“Home Land” Brings the House Down

Sam Lipsyte’s satirical novel Home Land, published in 2004 by Picador, follows anti-hero Lewis “Teabag” Miner, an alum of Eastern Valley High School, who “did not pan out.” Falling short of his fellow former students, among whom are doctors, athletes, and soon-to-be congressmen, Lewis spends his days in the New Jersey suburb where he grew up smoking pot, surfing the Internet for lewd pictures of women in leg warmers, and in general, doing nothing. But Lewis is also living out the dream of many high school misfits—he gets to tell his former classmates exactly what he thinks of them, as the book is written as a series of updates for his alma mater’s Alumni Newsletter, which Lewis knows are never actually published due to their inappropriate, but truthful nature. These updates detail the decrepit wasteland Lewis interprets the world to be, offering a unique perspective from the guy at the very bottom of the food chain in a dog–eat–dog world.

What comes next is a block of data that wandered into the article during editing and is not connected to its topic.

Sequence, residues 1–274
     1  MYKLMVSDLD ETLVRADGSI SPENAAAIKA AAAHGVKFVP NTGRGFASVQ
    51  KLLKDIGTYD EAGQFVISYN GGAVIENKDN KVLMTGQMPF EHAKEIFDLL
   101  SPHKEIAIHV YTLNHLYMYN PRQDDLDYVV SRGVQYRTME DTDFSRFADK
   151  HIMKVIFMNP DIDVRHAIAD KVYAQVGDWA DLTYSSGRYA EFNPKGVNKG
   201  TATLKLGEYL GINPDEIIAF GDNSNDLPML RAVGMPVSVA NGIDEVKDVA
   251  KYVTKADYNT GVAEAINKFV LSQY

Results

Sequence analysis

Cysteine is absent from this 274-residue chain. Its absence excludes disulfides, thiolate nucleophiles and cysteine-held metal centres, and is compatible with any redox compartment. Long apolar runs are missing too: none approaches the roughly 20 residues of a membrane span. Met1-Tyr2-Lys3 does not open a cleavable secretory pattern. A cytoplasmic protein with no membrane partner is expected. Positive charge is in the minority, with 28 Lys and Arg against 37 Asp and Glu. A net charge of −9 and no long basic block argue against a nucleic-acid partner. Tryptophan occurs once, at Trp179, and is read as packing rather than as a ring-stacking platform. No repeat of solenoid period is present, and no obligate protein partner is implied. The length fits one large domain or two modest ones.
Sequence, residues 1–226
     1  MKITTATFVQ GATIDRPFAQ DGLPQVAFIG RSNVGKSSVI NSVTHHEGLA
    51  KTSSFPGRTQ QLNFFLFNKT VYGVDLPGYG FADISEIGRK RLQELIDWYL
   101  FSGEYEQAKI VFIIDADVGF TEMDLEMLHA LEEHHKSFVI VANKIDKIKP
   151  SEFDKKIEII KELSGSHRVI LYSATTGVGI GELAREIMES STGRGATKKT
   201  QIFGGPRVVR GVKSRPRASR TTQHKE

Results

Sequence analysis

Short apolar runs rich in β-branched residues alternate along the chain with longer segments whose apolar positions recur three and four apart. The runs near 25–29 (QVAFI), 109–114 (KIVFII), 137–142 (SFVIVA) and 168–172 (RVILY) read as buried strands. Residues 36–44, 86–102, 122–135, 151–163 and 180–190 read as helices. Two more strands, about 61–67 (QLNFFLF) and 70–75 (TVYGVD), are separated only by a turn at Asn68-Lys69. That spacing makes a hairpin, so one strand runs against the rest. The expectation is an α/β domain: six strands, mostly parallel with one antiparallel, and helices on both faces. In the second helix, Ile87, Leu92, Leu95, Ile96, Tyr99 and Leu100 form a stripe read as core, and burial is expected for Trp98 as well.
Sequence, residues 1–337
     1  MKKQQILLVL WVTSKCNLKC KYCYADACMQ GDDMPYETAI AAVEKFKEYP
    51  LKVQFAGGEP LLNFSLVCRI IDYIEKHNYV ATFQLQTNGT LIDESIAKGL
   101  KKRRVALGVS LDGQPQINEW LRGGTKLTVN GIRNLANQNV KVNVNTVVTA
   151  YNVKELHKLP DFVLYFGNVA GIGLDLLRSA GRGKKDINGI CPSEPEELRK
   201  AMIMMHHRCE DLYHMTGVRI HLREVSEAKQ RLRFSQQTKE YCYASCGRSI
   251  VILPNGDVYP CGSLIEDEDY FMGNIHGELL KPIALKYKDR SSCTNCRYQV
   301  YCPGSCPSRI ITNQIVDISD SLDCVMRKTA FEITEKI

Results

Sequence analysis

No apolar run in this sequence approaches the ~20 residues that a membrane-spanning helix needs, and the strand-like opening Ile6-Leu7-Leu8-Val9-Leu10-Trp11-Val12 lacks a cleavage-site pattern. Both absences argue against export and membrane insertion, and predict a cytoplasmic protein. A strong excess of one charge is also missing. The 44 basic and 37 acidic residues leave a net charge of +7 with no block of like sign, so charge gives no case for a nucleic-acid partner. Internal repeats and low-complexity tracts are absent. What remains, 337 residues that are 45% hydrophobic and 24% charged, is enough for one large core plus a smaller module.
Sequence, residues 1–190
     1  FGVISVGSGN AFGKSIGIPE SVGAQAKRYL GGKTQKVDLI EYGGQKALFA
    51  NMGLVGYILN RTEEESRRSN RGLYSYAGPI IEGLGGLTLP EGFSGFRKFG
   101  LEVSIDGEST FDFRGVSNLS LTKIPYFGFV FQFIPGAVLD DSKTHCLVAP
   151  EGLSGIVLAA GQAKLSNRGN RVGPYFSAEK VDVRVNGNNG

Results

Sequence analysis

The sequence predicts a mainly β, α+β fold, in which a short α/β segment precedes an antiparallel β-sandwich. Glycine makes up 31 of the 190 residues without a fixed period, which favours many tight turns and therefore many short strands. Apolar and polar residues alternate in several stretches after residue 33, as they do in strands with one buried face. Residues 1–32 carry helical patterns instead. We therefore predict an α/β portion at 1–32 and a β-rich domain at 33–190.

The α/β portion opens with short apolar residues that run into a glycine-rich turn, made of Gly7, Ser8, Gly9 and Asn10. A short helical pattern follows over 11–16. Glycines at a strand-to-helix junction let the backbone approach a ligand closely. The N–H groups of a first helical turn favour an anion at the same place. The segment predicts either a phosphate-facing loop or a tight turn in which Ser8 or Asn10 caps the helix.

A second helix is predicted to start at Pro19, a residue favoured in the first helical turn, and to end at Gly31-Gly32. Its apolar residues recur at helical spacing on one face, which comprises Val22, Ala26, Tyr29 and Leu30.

"Home Land" Brings the House Down

Sam Lipsyte’s satirical novel Home Land, published in 2004 by Picador, follows anti-hero Lewis “Teabag” Miner, an alum of Eastern Valley High School, who “did not pan out.” Falling short of his fellow former students, among whom are doctors, athletes, and soon-to-be congressmen, Lewis spends his days in the New Jersey suburb where he grew up smoking pot, surfing the Internet for lewd pictures of women in leg warmers, and in general, doing nothing. But Lewis is also living out the dream of many high school misfits—he gets to tell his former classmates exactly what he thinks of them, as the book is written as a series of updates for his alma mater’s Alumni Newsletter, which Lewis knows are never actually published due to their inappropriate, but truthful nature. These updates detail the decrepit wasteland Lewis interprets the world to be, offering a unique perspective from the guy at the very bottom of the food chain in a dog–eat–dog world.

Review: Bridget Jones’ Diary: Mad About The Boy

Despite high hopes for the latest installment in Helen Fieldings’ Bridget Jones series, the book fell short of expectations. At times confusing, Fieldings’ novel was difficult to get through. While the writing was definitely on par with your typical romantic comedy sort of book, the actual subject matter and timeline rendered the novel wholly unenjoyable.